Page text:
- PayYourRent: Variable fees, depending on how rent is paid; in some cases, the fees are paid by management. It reports to all three credit bureaus.
- eRentPayment: Tenants may sign up for this rental payment service only if the landlord is registered. There is a $3 per transaction fee for processing electronic rent payments; the landlord may split that cost or require that the tenant pay it. Reports to all three credit bureaus.
- CreditMyRent: This service charges a monthly fee of $6.95 and a one-time setup fee between $25 and $145, depending on what tier of service you choose. It reports to TransUnion.
Note that your landlord may need to verify your rent payments. Some services may not be able to report your payments if your landlord won’t verify.
What questions should you ask a rent-reporting service?
First, check to see if your property manager already works with a service. If not, here are questions you should ask rent-reporting service providers before choosing one:
- What would my total costs be for a year of service, including any setup fees or fees for reporting previous rental history? (Some services can go back as far as 24 months.)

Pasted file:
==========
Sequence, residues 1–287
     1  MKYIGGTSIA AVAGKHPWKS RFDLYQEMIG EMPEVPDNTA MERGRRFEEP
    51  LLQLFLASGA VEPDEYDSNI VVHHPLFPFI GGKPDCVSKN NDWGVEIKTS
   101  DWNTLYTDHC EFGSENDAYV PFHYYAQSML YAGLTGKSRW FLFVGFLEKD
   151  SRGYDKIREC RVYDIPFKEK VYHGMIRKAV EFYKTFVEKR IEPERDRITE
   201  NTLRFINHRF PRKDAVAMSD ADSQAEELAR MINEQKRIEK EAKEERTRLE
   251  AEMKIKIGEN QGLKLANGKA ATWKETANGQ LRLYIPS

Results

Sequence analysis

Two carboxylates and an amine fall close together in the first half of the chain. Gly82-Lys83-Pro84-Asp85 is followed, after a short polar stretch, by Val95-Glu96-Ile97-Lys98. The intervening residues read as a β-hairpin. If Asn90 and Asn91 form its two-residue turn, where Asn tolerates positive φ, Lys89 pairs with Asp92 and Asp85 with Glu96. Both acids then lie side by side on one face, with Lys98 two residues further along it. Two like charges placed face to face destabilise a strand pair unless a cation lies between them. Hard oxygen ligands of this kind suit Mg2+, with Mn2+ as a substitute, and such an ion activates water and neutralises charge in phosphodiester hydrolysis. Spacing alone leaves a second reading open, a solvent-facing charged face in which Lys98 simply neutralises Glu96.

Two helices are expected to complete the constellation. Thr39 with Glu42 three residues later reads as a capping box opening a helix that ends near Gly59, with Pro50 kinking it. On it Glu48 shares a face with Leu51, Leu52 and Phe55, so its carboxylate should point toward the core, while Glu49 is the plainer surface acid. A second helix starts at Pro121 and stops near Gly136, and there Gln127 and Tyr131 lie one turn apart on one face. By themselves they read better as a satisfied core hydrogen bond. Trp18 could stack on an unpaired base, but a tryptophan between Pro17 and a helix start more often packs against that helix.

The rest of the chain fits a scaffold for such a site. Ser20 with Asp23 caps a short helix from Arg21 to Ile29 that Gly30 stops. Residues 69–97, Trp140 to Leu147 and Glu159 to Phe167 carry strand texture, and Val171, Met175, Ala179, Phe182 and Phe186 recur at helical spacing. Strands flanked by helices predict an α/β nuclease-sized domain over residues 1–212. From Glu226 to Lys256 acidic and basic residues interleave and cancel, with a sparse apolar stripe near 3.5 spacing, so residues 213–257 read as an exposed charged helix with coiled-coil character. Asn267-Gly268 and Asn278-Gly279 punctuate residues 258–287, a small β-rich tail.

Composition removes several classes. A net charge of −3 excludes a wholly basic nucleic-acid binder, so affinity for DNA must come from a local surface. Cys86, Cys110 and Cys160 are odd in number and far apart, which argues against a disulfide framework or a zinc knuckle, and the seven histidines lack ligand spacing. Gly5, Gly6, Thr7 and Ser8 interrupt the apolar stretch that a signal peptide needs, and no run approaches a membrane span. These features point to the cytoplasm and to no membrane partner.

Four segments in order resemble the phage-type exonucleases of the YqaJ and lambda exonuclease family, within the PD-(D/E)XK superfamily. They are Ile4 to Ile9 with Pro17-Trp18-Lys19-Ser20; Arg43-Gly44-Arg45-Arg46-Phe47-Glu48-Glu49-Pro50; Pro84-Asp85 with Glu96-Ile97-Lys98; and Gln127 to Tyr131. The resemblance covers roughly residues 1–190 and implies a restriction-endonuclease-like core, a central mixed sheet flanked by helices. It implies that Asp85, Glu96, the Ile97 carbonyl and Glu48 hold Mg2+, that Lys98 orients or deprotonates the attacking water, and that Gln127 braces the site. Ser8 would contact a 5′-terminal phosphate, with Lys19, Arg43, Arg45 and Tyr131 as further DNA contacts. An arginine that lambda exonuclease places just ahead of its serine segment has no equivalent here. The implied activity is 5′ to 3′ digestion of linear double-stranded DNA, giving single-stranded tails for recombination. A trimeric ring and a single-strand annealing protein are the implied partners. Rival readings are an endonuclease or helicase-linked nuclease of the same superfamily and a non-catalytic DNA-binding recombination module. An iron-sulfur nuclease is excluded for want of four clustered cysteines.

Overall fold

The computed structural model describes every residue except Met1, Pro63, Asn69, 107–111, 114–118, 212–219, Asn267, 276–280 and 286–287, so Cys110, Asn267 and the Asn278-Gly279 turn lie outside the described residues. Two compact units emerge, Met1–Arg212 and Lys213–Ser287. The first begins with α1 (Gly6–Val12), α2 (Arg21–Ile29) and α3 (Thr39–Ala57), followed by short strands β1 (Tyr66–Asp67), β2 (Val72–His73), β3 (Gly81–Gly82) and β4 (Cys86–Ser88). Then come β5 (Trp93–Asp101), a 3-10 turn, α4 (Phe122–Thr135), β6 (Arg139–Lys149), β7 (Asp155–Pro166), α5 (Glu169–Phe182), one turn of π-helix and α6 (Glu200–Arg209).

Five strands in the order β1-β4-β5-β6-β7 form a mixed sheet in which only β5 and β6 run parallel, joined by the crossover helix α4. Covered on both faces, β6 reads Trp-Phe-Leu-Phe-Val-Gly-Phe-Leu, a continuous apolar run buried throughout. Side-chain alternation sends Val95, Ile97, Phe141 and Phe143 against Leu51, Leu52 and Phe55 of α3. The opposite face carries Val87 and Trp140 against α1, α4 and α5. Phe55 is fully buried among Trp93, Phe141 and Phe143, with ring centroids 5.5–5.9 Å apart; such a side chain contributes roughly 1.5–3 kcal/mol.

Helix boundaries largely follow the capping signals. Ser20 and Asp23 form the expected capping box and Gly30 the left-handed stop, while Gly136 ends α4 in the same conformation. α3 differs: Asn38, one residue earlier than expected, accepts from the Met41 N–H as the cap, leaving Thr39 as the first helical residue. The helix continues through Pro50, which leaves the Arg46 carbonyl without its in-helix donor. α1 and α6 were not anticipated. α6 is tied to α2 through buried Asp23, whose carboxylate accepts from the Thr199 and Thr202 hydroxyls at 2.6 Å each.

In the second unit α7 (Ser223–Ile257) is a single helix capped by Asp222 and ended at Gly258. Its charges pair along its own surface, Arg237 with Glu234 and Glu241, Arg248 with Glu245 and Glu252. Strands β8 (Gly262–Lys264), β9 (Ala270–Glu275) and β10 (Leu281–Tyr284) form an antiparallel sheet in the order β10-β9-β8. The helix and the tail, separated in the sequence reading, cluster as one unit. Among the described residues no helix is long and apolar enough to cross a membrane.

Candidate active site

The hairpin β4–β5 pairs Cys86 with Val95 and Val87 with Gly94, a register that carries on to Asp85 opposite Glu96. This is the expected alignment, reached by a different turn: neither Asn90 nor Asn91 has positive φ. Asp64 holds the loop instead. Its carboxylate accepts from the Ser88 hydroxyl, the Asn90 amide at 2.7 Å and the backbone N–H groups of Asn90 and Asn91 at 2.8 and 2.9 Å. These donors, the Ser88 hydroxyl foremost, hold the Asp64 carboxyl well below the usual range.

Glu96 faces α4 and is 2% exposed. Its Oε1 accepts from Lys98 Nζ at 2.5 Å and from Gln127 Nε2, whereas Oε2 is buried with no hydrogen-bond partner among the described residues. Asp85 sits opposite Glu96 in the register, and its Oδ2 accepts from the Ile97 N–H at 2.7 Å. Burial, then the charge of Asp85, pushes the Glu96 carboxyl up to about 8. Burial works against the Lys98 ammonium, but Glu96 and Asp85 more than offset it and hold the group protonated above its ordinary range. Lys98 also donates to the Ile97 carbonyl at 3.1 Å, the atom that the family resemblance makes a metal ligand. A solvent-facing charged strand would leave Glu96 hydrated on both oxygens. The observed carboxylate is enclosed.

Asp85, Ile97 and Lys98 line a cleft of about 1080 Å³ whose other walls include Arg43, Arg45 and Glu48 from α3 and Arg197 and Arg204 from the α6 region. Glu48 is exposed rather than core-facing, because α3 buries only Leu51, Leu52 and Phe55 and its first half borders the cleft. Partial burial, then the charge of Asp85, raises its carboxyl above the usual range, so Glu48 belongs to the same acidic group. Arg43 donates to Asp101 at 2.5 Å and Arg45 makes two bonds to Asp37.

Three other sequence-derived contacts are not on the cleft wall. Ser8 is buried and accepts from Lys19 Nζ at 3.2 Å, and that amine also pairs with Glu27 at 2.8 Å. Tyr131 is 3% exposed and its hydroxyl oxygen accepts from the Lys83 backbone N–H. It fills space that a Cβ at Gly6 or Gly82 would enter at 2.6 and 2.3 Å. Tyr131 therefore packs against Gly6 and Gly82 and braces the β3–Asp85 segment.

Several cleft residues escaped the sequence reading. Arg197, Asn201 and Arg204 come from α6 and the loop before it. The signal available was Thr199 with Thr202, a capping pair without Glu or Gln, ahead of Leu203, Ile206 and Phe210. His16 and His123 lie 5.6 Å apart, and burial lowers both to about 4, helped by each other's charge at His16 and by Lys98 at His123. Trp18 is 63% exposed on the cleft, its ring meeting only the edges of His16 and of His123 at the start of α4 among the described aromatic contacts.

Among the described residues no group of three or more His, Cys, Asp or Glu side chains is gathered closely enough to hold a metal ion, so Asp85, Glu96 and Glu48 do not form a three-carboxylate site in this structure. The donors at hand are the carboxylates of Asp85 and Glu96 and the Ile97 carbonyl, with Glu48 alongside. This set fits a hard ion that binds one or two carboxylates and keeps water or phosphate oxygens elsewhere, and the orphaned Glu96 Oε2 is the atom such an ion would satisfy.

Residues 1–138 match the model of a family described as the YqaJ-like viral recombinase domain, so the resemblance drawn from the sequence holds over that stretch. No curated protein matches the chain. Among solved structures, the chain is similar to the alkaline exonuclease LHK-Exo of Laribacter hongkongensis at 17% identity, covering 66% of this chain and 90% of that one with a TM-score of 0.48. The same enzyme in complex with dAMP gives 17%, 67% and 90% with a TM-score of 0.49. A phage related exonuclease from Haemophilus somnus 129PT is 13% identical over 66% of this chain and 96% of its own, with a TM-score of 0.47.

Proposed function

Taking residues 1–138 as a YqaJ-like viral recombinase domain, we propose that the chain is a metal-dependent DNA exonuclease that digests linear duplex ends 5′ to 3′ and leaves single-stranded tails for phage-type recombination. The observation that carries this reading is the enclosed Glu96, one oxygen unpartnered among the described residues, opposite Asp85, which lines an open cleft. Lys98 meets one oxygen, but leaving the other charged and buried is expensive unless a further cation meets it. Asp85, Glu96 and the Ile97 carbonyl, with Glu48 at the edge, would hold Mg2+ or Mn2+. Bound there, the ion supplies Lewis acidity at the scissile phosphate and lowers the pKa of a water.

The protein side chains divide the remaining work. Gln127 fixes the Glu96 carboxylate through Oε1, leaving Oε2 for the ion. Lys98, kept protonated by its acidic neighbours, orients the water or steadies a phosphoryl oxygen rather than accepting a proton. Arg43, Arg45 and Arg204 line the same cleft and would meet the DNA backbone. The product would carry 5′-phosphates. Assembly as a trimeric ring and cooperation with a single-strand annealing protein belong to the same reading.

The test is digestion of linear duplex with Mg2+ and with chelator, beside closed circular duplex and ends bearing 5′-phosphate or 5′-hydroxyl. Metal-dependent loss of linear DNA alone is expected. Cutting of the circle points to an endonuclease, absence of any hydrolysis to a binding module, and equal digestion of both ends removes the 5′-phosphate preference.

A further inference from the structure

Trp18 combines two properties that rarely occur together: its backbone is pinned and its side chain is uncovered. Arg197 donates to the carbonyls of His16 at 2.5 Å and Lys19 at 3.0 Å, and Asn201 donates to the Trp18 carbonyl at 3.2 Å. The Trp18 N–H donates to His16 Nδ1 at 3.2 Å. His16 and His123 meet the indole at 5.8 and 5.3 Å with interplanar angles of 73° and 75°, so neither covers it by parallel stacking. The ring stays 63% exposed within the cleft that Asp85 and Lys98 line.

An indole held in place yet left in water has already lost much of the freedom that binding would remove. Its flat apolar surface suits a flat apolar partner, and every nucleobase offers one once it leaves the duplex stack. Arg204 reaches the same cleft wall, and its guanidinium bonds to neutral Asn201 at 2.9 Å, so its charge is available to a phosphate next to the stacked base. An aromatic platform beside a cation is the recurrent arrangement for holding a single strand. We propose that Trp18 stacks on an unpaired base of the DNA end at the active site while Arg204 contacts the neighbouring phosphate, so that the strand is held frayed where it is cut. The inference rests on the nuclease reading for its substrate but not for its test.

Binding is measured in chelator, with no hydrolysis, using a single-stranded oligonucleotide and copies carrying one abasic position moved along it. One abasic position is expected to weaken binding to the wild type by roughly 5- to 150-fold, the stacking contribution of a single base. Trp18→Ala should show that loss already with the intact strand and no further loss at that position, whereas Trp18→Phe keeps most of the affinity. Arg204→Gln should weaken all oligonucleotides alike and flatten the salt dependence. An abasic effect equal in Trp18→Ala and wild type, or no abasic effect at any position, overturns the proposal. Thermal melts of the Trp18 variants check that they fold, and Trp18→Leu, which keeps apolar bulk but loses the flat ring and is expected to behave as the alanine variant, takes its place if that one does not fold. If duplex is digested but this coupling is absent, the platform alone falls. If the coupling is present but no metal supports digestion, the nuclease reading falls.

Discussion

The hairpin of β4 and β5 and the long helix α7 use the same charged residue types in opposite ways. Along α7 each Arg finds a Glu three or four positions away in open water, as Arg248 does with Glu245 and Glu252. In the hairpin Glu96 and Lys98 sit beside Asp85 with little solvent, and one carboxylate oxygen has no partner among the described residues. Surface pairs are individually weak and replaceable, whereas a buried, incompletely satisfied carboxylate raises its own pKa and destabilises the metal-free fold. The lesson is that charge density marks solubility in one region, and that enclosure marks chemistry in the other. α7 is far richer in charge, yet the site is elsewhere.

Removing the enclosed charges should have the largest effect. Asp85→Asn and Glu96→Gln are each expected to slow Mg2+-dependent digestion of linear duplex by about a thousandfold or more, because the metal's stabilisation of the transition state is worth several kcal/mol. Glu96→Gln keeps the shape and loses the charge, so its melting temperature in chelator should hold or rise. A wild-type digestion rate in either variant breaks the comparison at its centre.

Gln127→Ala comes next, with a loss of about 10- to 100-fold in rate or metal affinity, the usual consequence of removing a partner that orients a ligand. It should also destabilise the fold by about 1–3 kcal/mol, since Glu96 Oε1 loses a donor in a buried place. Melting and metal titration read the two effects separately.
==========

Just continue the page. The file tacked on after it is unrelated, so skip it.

- How do you protect my personal data?
- Which of the major credit bureaus do you report to? (All three is ideal.)
- Do you provide free access to credit scores, and if so, which score(s)?
- How soon should I expect the information to appear on my credit report?
- How can I cancel the service?
- What happens if I have a dispute with my landlord? In some states, renters have a right to withhold payment if the landlord fails to keep the unit repaired and habitable. Find out whether rent withheld during a dispute is reported as nonpayment or a negative mark.
Does paying rent build credit?
Simply paying your rent will not help you build credit. But reporting your rent payments can help you build credit — especially if you are new to credit or do not have a lot of experience using it.
A 2017 TransUnion study followed 12,000 renters for a year as they reported their rent payments. Scores rose 16 points on average within six months after rent reporting began, according to the study. The largest increase was for scores below 620, which is considered bad credit.
Having rental payment information in your credit report can be useful if you rent again. Landlords prefer tenants who can show a history of paying on time.
But other strategies to build credit are more efficient than rent reporting because they influence all types of credit scores and usually report to all three credit bureaus. They also can cost less or, in the case of authorized usership, nothing.
- You can become an authorized user on someone’s else credit card and benefit from their good credit history.
- You can get a secured credit card, which requires a deposit and often serves as your credit limit.
- You can get a credit-builder loan at many credit unions. Your loan payments are reported to the bureaus and you get access to the funds only after you have paid it off.